MyDoom.m prevention and cure

A spoofed warning from your e-mail provider may disguise this virus.

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By Robert Vamosi

The latest version of the MyDoom virus uses social trickery to get users to infect themselves. MyDoom.m (w32.mydoom.m@mm , also known as MyDoom.l [Norman]), MyDoom.n (Computer Associates), and MyDoom.o (Sophos), is packed with UPX, is approximately 28KB in size, and is a mass-mailing worm that uses its own SMTP engine to send copies of itself to addresses harvested from the infected PC. It also uses various search engines to find additional e-mail addresses associated with an infected PC's e-mail domain and may slow or disable those search engines. MyDoom.m does not affect Linux, Mac, or Unix systems. Because MyDoom.m spreads via e-mail, opens a remote-access back door on infected PCs, and could damage system files, this worm rates a 6 on the CNET/ZDNet Virus Meter.

How it works
MyDoom.m constructs random e-mail messages from a string of hard-coded text within the virus code itself. The infected e-mail appears to have been sent by someone you may know. The body text may suggest that your e-mail account has been compromised by a virus or has been used recently to send spam. The body text appears to come from the technical support team of the domain you are using for your own e-mail address: for example, would receive a note signed by the team. The body text further encourages you to open the attached file (usually a ZIP, but it could also be EXE, COM, SCR, PIF, BAT, or CMD) for more information. Do not follow this instruction; it will launch the virus on your PC.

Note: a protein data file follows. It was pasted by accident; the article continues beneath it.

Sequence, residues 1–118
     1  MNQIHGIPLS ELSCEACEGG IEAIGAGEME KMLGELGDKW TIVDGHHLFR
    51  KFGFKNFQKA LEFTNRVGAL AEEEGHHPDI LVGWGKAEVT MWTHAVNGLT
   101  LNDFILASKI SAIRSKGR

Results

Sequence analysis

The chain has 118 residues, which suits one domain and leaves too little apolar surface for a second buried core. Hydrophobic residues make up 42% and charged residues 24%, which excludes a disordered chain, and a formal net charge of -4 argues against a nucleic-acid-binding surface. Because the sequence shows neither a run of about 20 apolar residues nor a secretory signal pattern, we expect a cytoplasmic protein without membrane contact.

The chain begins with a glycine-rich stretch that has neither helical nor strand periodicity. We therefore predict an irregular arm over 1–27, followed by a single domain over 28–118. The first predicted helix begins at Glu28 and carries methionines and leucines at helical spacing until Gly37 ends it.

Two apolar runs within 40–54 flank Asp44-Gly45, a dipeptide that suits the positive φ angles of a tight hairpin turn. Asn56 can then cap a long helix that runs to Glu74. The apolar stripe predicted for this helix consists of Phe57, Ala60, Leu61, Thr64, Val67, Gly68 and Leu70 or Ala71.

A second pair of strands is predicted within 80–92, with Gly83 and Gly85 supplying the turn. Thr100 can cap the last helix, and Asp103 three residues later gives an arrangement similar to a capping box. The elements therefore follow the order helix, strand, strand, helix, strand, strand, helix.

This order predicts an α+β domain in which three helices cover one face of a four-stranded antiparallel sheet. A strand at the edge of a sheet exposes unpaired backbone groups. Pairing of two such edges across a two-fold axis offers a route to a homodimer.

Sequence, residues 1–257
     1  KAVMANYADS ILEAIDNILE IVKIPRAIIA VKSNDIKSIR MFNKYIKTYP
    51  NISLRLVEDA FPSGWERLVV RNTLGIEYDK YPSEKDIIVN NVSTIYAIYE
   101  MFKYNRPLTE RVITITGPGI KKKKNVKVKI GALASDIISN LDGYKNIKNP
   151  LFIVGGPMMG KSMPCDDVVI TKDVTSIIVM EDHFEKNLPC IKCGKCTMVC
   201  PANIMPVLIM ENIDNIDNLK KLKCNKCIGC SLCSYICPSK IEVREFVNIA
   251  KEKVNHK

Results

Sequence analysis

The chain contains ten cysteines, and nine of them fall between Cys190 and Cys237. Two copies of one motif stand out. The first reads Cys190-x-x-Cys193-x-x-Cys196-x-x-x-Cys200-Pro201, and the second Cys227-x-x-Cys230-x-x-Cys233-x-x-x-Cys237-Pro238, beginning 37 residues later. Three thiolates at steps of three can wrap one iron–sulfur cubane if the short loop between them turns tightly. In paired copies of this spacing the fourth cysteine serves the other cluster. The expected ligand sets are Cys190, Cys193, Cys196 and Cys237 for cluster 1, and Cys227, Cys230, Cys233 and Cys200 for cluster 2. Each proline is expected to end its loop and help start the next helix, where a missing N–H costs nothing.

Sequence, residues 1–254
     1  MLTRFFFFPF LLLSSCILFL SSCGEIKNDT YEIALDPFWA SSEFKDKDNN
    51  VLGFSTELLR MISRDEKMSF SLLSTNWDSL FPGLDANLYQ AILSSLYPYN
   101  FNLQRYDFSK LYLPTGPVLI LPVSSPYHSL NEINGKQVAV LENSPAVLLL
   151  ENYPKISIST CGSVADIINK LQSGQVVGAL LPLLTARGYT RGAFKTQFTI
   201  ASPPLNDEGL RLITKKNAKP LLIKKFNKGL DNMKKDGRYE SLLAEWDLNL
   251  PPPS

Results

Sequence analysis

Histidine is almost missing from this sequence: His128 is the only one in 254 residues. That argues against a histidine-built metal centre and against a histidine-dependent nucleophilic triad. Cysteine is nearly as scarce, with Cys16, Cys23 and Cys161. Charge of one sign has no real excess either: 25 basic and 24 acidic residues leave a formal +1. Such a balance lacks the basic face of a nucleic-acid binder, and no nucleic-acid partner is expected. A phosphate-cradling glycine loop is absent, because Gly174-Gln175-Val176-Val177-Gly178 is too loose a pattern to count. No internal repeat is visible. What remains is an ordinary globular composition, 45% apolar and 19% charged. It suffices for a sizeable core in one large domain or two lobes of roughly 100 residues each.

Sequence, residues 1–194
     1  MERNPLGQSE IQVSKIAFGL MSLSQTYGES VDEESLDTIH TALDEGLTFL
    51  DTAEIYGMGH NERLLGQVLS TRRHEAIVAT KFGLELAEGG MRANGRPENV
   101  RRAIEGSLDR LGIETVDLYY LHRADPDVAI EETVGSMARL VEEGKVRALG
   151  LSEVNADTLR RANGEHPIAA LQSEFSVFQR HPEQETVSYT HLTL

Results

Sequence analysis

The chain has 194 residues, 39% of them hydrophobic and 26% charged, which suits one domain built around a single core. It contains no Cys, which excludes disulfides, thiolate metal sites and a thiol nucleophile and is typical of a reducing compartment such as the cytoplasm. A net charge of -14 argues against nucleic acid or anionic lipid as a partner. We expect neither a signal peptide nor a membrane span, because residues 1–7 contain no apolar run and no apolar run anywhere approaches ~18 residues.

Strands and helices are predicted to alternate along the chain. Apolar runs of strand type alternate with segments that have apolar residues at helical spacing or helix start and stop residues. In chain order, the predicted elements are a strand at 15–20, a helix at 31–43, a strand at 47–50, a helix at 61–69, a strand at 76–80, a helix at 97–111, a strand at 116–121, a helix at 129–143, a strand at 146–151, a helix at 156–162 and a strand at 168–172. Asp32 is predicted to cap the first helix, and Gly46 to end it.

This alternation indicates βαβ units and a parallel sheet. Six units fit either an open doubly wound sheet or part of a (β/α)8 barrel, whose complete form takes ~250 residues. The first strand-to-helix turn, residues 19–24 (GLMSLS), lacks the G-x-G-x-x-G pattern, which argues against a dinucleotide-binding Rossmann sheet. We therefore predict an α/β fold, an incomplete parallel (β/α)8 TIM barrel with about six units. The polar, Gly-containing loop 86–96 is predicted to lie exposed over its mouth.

Once executed, MyDoom.m installs itself in the Windows folder as:


MyDoom.m also changes the system registry by adding the following keys:

HKEY_LOCAL_MACHINE\SOFTWARE\Microsoft\Windows\ CurrentVersion\Run JavaVM="[Windows folder]\java.exe" Services="[Windows folder]\services.exe"



MyDoom.m will open port 2110 to listen for remote access.

If you receive MyDoom.m, do not open the attached file. The best way to prevent infection is to make sure that your antivirus signature files are current. Also, a personal firewall will prevent the virus author from gaining remote access to your PC.

Most antivirus software companies have updated their signature files to include this worm. This will stop the infection upon contact and in some cases will remove an active infection from your system. For more information, see Central Command, Computer Associates (MyDoom.n), F-Secure, Kaspersky,McAfee, Norman (MyDoom.l), Panda, Sophos (MyDoom.o), Symantec, and Trend Micro.

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